Obama: Yeah, a lot of you won't be able to keep your doctor after all

Voters in November might be ready to show Democrats what they think about removing choice and hiking costs, as well as their arrogance in determining that a few politicians in Washington know better about their choices than they do. Unfortunately, Barack Obama doesn’t appear to have figured out this problem. In an interview with WebMD, Obama finally acknowledged that, contra his promise, people might not be able to keep the doctors they liked, but that they probably shouldn’t have liked those doctors in the first place:


“For the average person, many folks who don’t have health insurance initially, they’re going to have to make some choices. And they might end up having to switch doctors, in part because they’re saving money,” said Obama in an interview with the medical website WebMD.

“But that’s true if your employer suddenly decides we think this network’s going to give a better deal, we think this is going to help keep premiums lower, you’ve got to use this doctor as opposed to that one, this hospital as opposed to that one. The good news is in most states people have more than one option and what they’ll find, I think, is that their doctor or network or hospital that’s conveniently located is probably in one of those networks. Now, you may find out that that network’s more expensive than another network. And then you’ve got to make a choice in terms of what’s right for your family.”

More than one option? Not in Covered California, which replaced preferred doctors with no one at all, or sent people tens of miles away from their own communities for the few options left.  When employers changed insurers, moreover, they had a big incentive to find plans that also included their employees’ current providers — the employees themselves, who could walk away from the employer to find better coverage. In GovernmentCare, as Californians are discovering, that option doesn’t exist.


Americans who get health-insurance coverage through their employers have mostly avoided the market disruptions in the rollout of ObamaCare, but that’s probably going to change — and sooner than they think. A survey of large businesses, which should have the greatest stability in the market due to their clout in the market, shows that most businesses have already started forcing employees to pay higher deductibles, or will soon in order to cover the increased costs of the ObamaCare mandates (via the Daily Caller):

Four of five U.S. companies have raised deductibles or are considering doing so as health costs increase, according to a survey of more than 700 employers.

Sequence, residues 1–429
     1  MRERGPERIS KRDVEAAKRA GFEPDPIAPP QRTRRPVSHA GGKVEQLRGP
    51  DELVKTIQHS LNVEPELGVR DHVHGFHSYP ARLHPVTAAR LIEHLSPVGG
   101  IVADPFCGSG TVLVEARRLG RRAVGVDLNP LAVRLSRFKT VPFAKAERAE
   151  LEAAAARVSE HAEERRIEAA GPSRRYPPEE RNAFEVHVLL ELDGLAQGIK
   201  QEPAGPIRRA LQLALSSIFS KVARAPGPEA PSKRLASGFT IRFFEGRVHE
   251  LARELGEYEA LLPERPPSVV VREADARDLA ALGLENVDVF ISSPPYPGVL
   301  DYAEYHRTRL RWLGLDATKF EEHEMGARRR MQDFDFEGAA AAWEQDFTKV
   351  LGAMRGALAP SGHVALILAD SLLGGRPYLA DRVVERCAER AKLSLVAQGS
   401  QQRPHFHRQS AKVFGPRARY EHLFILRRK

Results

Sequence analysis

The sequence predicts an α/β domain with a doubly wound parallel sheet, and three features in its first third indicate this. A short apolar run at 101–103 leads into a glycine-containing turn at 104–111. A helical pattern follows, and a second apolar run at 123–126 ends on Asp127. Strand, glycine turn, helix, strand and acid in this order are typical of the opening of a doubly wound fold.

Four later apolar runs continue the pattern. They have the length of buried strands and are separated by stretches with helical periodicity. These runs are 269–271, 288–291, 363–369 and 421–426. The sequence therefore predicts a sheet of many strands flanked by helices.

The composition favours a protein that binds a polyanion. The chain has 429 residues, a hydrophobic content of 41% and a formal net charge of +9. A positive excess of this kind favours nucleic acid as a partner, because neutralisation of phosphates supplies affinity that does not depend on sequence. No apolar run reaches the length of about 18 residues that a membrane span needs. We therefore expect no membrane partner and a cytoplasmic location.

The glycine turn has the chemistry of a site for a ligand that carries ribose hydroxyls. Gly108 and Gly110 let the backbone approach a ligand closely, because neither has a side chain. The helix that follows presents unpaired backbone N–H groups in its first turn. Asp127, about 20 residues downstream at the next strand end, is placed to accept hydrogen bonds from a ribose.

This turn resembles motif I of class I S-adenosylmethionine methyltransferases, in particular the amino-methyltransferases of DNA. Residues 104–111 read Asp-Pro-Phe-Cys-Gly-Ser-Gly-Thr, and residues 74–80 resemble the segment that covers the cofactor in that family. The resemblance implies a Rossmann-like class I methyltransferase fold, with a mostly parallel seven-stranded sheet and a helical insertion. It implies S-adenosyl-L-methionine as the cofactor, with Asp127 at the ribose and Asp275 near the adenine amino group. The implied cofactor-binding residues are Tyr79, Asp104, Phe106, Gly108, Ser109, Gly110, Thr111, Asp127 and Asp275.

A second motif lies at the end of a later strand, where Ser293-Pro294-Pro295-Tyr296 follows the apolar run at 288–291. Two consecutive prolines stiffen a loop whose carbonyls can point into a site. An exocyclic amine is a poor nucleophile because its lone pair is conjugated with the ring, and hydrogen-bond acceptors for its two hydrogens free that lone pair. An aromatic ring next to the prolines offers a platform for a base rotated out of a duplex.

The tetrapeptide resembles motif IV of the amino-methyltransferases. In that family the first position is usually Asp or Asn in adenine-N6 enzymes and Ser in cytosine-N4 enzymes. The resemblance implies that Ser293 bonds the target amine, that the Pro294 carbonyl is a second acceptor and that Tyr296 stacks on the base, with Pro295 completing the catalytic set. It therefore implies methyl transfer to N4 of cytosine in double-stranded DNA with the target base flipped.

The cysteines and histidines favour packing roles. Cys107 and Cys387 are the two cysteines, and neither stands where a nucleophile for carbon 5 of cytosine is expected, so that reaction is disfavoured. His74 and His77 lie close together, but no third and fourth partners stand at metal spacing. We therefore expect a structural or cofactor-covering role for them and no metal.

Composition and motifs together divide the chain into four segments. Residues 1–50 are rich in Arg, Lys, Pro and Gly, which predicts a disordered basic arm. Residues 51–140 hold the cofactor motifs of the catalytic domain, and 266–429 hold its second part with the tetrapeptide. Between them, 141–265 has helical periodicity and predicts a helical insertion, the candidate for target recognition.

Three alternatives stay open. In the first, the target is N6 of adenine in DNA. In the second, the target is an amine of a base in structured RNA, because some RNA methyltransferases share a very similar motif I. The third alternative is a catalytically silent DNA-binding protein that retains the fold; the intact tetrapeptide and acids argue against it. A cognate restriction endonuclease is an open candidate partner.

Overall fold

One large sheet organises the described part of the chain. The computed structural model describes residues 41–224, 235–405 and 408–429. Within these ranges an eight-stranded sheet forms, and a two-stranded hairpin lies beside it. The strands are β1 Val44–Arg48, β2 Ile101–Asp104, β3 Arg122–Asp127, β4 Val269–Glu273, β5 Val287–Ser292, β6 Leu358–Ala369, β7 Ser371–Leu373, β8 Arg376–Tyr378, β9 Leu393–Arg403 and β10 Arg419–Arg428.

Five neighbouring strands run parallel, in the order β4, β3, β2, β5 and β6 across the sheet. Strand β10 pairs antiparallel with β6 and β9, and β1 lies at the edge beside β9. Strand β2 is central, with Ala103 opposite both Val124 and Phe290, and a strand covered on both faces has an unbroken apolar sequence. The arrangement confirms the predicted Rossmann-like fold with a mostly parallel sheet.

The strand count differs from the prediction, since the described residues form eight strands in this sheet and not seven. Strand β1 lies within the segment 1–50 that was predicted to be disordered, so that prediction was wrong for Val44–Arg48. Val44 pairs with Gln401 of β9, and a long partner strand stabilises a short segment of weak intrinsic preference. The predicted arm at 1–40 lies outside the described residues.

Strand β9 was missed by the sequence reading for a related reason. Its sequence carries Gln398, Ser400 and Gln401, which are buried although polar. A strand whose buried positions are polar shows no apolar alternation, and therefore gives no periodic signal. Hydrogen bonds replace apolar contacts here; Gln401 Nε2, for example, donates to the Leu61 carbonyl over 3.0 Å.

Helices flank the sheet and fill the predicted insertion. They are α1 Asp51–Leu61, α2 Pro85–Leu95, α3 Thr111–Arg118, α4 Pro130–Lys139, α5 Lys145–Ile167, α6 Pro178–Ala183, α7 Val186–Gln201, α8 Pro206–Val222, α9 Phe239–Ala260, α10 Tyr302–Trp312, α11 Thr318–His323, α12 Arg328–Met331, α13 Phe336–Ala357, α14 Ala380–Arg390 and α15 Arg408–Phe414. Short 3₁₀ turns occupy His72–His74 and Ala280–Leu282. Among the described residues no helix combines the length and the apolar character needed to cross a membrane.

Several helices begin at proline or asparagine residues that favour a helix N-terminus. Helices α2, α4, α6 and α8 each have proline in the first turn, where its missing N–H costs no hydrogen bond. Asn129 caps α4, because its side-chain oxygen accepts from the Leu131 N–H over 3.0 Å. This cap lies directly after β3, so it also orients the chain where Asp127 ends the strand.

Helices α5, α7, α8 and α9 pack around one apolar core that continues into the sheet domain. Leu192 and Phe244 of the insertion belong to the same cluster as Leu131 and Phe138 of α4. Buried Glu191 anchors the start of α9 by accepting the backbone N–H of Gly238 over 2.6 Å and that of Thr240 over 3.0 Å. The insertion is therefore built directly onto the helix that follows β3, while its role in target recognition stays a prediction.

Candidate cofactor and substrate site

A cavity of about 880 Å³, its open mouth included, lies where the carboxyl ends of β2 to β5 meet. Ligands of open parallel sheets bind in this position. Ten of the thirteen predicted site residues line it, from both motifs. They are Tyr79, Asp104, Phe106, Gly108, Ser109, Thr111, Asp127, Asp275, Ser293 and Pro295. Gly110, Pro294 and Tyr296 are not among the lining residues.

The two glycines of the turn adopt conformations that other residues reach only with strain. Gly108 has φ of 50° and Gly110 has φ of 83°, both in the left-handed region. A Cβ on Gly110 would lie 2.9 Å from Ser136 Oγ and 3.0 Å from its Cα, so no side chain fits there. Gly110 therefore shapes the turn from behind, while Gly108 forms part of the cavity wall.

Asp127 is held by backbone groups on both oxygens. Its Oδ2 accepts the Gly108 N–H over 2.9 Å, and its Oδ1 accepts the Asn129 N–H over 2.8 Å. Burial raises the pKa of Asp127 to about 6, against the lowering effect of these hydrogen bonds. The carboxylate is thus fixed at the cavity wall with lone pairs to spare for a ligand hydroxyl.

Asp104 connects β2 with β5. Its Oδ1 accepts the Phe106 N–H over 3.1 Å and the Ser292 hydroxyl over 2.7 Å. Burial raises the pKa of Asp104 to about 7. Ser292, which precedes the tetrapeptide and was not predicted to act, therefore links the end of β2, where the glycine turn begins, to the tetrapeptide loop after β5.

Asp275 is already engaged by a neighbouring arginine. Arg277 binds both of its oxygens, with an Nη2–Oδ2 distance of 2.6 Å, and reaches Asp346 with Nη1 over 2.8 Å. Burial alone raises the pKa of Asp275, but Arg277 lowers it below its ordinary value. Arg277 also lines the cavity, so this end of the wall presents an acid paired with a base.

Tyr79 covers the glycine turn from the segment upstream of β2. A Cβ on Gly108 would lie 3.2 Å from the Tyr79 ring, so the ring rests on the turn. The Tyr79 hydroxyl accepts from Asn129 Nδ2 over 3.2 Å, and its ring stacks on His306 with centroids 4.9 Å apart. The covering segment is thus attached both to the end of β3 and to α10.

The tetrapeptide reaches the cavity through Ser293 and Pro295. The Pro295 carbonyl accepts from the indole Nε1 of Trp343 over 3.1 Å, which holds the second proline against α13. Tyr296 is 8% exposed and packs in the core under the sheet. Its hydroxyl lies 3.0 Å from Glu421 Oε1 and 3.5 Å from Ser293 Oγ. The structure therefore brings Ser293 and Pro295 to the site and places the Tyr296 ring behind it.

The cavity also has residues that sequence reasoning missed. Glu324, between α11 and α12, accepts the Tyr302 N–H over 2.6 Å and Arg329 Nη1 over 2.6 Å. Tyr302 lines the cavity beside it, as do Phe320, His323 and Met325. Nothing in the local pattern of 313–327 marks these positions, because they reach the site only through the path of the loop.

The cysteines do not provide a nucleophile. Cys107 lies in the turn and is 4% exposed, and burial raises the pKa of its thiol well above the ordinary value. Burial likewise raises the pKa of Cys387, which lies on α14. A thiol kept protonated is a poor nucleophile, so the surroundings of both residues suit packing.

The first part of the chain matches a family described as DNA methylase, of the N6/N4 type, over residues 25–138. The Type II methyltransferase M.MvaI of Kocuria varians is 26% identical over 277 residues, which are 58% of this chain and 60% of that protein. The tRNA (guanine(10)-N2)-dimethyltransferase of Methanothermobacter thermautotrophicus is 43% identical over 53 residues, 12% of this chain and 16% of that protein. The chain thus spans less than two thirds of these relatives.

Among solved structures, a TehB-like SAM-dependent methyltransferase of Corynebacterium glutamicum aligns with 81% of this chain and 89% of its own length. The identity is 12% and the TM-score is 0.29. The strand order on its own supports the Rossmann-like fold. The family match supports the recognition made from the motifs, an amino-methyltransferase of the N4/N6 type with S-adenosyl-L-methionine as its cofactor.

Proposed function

About one-third of the companies have already increased deductibles or other cost-sharing provisions like copays, and 48 percent are considering similar moves, the survey by New York-based consulting firm Mercer LLC found.

It’ll be difficult for Democrats and the White House to escape accountability for this, too, since one major driver for this impulse is an explicit goal of ObamaCare. The so-called Cadillac tax on high-end plans aimed at reducing higher provider demand created by highly-subsidized plans, which makes sense when attempting to add a large number of new risk-pool members at lower premium rates who might be inclined to make great use of the system in the first year or two. However, the disruptions caused by the Cadillac tax are both much broader than Democrats indicated, and will hit Americans much earlier than they hoped:


Employers with coverage exceeding $10,200 for individuals and $27,500 for families will be taxed 40 percent starting in 2018, on the theory that the plans boost medical costs.

About 62 percent of employers surveyed had concerns related to the so-called Cadillac tax. According to Mercer, 42 percent of employers would be subject to the tax in 2018 if they made no changes to their current plans.

Employers aren’t waiting to make changes, the survey found. Almost one in five employers have already dropped the plans and another 33 percent are considering dropping the coverage. Employers are turning instead to private exchanges, or consumer-directed health plans, which give employees personal health-care accounts.

Democrats had enough trouble with the individual-market disruptions, so much so that Barack Obama has been trying to postpone practically every other mandate in ObamaCare so as to avoid the political retribution. However, businesses have to plan for the future, not just react to the present, and the law clearly shows what the costs and risks will be in continuing with these plans — which probably produced a high degree of satisfaction with those consumers. Now they’re getting kicked out of those plans and will have to pay more for their medical care, not because of their employers’ greed but because Democrats are forcing them to do so.

By the way, guess what group of people are most responsible for ObamaCare enrollment failures. If you guess Republicans in Congress, you’re very, very wrong:


States that embraced the Affordable Care Act and created health care exchanges were supposed to lead the way in enrolling their residents in health insurance, but some of them are responsible for the federal government falling behind in its projections.

Only 18 days remain before the March 31 enrollment deadline, and the government is about 1.8 million behind its goal of 6 million new health insurance customers.

That’s because states such as Hawaii, Maryland and Oregon, all run by Democratic governors and legislatures supportive of the law, have had their exchanges falter and at times collapse.

Update: Edited the paragraph about Cadillac plans for clarity.

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